Vail candidates want better relations with Vail Resorts
Vail CO Colorado
VAIL, Colorado – In long, drawn-out election seasons, issues from beneath the surface often emerge and become talkers among candidates.
Vail, Colorado’s election season officially began earlier this month, giving the nine candidates running for the Town Council’s four open seats about one month to campaign, debate and study up on what’s important to the town and its residents.
The Vail Daily and the Vail Homeowners Association hosted the second candidate forum Wednesday at the Donovan Pavilion with a list of questions that tried to find out the issues behind the issues. What emerged wasn’t much different from the candidate forum last week, but larger issues did become more apparent, and election distractions became very apparent.
Questions about annexing Eagle-Vail, global warming, retrofitting Dobson Ice Arena for health and wellness opportunities and buying the old Colorado Mountain College campus at the Cascade Resort were brushed aside by most candidates – they aren’t at the heart of what’s really important for the town right now, candidates said.
The economy is every candidate’s No. 1 priority and talking point – they talk of the unknown future, how to plan and prepare for it and how their ideas for trimming the budget would best serve the town and its guests. Those answers were obvious, but it was things like the town’s relationship with Vail Resorts and the town’s relationship with the community that became the talkers of the night.
Candidates mostly agreed that Vail Resorts and the town of Vail need to sit down and work together. Incumbent Kim Newbury said she thinks the relationship has improved in the past couple of years, but she agreed it could improve more.
“They’re people just like we are,” Newbury said.
From candidate Kerry Donovan suggesting sitting down over beers or “maybe some shots” to incumbent Kevin Foley’s thoughts on getting the company to release its Lionshead parking-structure deed restriction, the candidates had various ideas of relationship-improvement strategies.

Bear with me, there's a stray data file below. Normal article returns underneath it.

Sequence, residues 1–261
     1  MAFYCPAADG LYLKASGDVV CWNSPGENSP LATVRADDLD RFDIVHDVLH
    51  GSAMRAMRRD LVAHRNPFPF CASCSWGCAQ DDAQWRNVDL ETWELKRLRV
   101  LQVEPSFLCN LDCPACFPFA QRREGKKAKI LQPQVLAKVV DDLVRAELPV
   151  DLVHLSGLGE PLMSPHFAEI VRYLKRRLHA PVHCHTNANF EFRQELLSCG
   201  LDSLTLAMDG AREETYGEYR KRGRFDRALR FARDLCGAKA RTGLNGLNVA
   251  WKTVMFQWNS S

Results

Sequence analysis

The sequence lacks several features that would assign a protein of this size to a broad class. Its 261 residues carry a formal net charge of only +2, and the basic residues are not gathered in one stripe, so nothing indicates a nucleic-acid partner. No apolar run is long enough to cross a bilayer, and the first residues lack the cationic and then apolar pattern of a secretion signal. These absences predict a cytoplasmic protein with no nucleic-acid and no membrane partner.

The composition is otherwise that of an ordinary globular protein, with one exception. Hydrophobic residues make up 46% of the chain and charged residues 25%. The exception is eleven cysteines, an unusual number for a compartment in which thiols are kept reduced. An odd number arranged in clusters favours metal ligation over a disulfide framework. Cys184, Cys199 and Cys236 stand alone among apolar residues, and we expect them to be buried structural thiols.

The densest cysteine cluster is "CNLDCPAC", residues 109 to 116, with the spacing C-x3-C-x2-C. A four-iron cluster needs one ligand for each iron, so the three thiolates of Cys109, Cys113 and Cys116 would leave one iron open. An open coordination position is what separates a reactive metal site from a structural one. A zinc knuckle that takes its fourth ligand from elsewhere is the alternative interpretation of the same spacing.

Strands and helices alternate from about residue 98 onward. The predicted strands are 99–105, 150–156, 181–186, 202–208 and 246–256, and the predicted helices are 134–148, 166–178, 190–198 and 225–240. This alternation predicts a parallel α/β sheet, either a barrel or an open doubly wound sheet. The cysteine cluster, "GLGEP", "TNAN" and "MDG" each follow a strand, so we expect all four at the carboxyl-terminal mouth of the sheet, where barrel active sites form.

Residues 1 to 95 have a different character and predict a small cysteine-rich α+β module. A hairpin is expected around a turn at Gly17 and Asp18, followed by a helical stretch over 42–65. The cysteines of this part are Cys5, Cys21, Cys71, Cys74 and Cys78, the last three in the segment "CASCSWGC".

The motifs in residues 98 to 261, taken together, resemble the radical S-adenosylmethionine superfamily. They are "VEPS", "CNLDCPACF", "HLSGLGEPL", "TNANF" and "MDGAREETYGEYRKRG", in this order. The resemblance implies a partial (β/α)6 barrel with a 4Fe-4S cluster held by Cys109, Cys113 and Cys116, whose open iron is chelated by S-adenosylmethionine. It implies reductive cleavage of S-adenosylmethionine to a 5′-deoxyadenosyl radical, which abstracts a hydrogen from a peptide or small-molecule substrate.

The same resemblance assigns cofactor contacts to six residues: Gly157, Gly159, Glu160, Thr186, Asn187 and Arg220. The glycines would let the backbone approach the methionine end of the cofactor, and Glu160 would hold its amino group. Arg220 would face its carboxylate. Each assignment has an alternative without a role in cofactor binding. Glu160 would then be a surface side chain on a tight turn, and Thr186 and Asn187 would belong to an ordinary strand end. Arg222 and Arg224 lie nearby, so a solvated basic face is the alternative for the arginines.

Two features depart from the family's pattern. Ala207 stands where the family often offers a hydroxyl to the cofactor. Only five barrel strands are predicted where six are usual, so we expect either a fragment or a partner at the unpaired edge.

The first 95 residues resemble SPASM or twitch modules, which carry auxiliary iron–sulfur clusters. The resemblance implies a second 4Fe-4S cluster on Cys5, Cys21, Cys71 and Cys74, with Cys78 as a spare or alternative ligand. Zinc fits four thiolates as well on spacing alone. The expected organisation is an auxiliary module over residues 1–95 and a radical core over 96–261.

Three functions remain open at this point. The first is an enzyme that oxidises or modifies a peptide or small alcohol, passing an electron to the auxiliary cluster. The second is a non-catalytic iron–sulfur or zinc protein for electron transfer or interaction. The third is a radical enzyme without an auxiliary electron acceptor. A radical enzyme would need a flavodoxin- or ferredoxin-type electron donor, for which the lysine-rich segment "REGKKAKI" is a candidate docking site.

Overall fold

“Respect is the foundation of all productive interaction,” candidate Scott Proper said.
The interaction among the candidates was full of respect – so much that the forum was slightly dull in that candidates’ answers weren’t all that different from one another. And other than three audience-submitted questions at the end of the forum, the candidates prepared their answers for 20 questions they knew ahead of time, taking out the element of surprise.
One of those prearranged questions asked candidates to criticize the previous Town Council for any faults it may have had. A few candidates played the question safe, while others revealed what they thought was wrong.
Candidate and former Vail Mayor Ludwig Kurz said the previous council has done poorly in its dealings with constituents and the public. Incumbent Kevin Foley said the council could improve its demeanor and how it engages the public. Incumbent Mark Gordon said the town should do a better job setting its agendas so the public always has opportunities to comment.
Candidate Susie Tjossem took it one step further by saying the town needs to have public comment at its work-session meetings as well as its regular-session meetings.
Candidate Mike Charles said the town’s inability to improve its relationship with Vail Resorts was a fault, while Donovan said the town should do better in engaging people in the town process. Candidates Proper and Buddy Lazier commended the council and didn’t criticize it, and Newbury said the town should focus on the policy issues and not get bogged down with micromanaging everything.
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